Ramirez-Rosa has ruffled the feathers of his colleagues as well. He supported a challenger to Ald. Ray Lopez (15th) in the February election and was briefly removed from the Latino Caucus after other members said he wasn’t engaged enough in issues they supported. He was later reinstated.

And Democratic gubernatorial candidate Daniel Biss dropped Ramirez-Rosa as his running mate last year after comments surfaced that Ramirez-Rosa had made about U.S. divestment from Israel.

Speaking to the Real News Network in 2017, Ramirez-Rosa said the U.S. government “has subsidized the oppression of the Palestinian people, and it’s time that stopped.”

On Tuesday, Ramirez-Rosa said Lightfoot must now explain herself.

“In a few months we’re going to have a new mayor and Ald. Sposato has said clearly that he supports candidate Lightfoot,” Ramirez-Rosa said. “It’s important that we hold him accountable and clarify any role he may play in a Lightfoot administration.”

Mayoral candidates Lori Lightfoot, left, and Toni Preckwinkle, right, square off in the first TV debate of the runoff campaign. The NBC 5 and Telemundo Chicago debate was held in partnership with the Union League Club of Chicago and the Chicago Urban Leag
Mayoral candidates Lori Lightfoot, left, and Toni Preckwinkle, right, square off in the first TV debate of the runoff campaign. The NBC 5 and Telemundo Chicago debate was held in partnership with the Union League Club of Chicago and the Chicago Urban League. From Twitter.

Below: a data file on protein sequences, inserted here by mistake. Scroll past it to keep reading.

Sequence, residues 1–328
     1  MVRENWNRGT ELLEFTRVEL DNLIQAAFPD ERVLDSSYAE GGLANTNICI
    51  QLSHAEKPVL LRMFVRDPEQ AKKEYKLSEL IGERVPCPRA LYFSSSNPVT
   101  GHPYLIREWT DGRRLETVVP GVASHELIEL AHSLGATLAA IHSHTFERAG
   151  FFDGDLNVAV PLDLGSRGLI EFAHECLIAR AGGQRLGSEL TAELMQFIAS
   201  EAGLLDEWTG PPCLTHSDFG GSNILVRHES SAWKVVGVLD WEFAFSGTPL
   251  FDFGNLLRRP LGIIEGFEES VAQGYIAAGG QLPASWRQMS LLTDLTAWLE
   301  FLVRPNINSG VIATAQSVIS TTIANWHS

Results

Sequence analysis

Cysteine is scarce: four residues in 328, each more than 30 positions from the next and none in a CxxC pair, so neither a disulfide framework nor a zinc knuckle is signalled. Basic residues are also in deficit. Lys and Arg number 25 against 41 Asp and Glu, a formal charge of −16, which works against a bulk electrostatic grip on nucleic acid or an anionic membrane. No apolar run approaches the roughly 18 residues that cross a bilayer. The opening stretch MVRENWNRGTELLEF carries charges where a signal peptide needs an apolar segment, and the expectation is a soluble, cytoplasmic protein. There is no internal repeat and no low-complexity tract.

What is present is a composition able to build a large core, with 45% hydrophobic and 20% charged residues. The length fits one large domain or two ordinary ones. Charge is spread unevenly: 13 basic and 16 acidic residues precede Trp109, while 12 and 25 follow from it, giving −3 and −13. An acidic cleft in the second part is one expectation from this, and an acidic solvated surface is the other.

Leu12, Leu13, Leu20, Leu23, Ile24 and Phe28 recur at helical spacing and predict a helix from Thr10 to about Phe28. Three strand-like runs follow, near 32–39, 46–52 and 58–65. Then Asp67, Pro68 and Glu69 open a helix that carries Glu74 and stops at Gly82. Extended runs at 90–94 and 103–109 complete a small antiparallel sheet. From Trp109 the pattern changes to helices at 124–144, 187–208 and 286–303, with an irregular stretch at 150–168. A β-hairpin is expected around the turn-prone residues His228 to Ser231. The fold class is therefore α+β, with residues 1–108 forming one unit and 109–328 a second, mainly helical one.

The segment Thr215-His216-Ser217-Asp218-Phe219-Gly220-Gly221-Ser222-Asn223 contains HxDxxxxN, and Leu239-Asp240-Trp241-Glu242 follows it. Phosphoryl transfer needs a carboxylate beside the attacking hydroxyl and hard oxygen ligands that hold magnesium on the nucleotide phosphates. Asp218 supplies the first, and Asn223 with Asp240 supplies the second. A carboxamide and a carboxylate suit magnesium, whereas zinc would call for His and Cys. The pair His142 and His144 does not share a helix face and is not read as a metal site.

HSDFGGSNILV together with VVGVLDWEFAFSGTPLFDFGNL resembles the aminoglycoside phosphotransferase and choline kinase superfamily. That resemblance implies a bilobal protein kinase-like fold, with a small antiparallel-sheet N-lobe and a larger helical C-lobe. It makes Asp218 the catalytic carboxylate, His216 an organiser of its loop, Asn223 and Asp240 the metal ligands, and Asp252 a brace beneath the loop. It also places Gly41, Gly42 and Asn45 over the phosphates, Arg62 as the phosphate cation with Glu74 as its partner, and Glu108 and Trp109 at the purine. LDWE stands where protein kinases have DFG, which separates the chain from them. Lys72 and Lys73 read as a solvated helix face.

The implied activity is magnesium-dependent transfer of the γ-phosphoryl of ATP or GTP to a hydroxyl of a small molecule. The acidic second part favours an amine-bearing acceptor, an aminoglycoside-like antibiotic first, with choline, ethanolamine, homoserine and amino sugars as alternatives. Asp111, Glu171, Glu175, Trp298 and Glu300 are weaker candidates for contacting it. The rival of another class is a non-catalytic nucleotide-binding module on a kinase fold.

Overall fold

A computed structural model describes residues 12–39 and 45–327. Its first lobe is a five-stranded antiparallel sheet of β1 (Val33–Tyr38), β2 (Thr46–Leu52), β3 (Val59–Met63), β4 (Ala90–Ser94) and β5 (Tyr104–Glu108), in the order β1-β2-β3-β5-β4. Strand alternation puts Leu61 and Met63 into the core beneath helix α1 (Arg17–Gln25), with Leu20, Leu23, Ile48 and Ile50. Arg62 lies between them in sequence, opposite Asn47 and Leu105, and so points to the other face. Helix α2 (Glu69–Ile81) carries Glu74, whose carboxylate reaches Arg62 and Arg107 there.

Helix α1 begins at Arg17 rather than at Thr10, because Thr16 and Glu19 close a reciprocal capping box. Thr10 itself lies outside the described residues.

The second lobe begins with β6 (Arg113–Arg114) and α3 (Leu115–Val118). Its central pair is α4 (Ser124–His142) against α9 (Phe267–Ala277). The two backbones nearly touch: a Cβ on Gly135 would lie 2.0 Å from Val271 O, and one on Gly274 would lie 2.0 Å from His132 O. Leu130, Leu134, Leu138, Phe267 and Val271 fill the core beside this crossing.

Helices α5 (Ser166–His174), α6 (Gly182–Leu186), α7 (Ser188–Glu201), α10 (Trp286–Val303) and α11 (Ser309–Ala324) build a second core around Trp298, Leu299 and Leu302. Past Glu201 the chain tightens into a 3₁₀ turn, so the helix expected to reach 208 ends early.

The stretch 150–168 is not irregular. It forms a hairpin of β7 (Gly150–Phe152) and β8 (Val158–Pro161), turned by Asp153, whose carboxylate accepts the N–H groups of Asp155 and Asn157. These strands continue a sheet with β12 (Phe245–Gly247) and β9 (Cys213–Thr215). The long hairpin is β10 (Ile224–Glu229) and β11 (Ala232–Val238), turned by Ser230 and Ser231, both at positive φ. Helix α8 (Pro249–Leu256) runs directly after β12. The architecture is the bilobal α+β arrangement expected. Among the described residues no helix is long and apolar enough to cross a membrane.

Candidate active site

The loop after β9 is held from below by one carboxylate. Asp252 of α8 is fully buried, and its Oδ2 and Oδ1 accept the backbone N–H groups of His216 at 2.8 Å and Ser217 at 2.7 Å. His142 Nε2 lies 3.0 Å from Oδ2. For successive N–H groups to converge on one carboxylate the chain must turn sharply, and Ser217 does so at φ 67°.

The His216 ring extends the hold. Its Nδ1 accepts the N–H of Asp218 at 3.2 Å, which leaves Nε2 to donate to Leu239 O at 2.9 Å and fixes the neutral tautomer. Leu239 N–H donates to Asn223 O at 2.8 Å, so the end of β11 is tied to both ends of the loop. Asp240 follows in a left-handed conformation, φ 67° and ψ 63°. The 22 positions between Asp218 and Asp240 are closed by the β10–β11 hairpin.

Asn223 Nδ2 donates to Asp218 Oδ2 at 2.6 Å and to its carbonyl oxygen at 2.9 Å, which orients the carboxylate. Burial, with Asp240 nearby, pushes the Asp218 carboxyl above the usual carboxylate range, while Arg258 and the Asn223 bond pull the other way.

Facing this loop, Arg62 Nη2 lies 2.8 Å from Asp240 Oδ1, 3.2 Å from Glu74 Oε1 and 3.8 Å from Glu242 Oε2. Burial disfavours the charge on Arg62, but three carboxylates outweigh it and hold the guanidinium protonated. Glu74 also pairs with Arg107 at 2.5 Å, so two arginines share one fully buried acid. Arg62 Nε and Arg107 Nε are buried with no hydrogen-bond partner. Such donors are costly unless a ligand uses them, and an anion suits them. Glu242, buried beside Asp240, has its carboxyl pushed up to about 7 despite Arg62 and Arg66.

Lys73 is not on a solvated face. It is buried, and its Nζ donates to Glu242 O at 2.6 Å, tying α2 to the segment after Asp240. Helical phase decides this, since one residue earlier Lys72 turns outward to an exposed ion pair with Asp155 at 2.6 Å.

Ramirez-Rosa is supporting Cook County Board President Toni Preckwinkle for mayor, but he tweeted that if Sposato endorsed Preckwinkle, he would’ve “shared the same criticism” and “what I & the immigrant community want are assurances from the possible next mayor that bigoted harassment & policies will have no place in her admin, & Sposato will play no leadership role.”

Napolitano did not immediately respond to requests for comment, but Preckwinkle’s campaign wasted no time demanding Lightfoot respond to Sposato’s comment.

“How can Lightfoot accept support from someone capable of such discrimination and bullying? If this is the type of company Lightfoot keeps, how can she be trusted as Mayor?” part of a statement from Preckwinkle’s campaign asked.

A statement from Lightfoot’s campaign said Napolitano and Sposato “attended the press conference as members of the Firefighters Union Local 2, which endorsed our campaign.”

“Lori has been a relentless fighter for progressive causes her whole life, and that won’t change as mayor,” the statement read in part, also listing the support of “progressive champions” such as U.S. Rep. Robin Kelly, state Rep. Kelly Cassidy, former County Clerk David Orr, and Ald. Scott Waguespack (32nd).

“As mayor, Lori will fight tirelessly to move Chicago forward from the old-school machine politics Toni Preckwinkle represents,” the statement read.

Sposato said if Ramirez-Rosa apologizes to him, Sposato will do the same.

“All he’s worried about is stirring the pot,” Sposato said. “He only shows up to disrupt. He rarely shows up for committee meetings.”